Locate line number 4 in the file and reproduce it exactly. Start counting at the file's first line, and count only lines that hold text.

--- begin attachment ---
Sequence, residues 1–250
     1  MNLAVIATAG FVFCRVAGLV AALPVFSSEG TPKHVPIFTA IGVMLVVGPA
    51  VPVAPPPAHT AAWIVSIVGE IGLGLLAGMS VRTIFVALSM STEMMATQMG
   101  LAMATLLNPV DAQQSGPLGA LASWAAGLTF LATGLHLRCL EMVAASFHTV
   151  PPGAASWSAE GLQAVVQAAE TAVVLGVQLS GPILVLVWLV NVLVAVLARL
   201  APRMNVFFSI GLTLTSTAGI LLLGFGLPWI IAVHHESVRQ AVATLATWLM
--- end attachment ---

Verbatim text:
   101  LAMATLLNPV DAQQSGPLGA LASWAAGLTF LATGLHLRCL EMVAASFHTV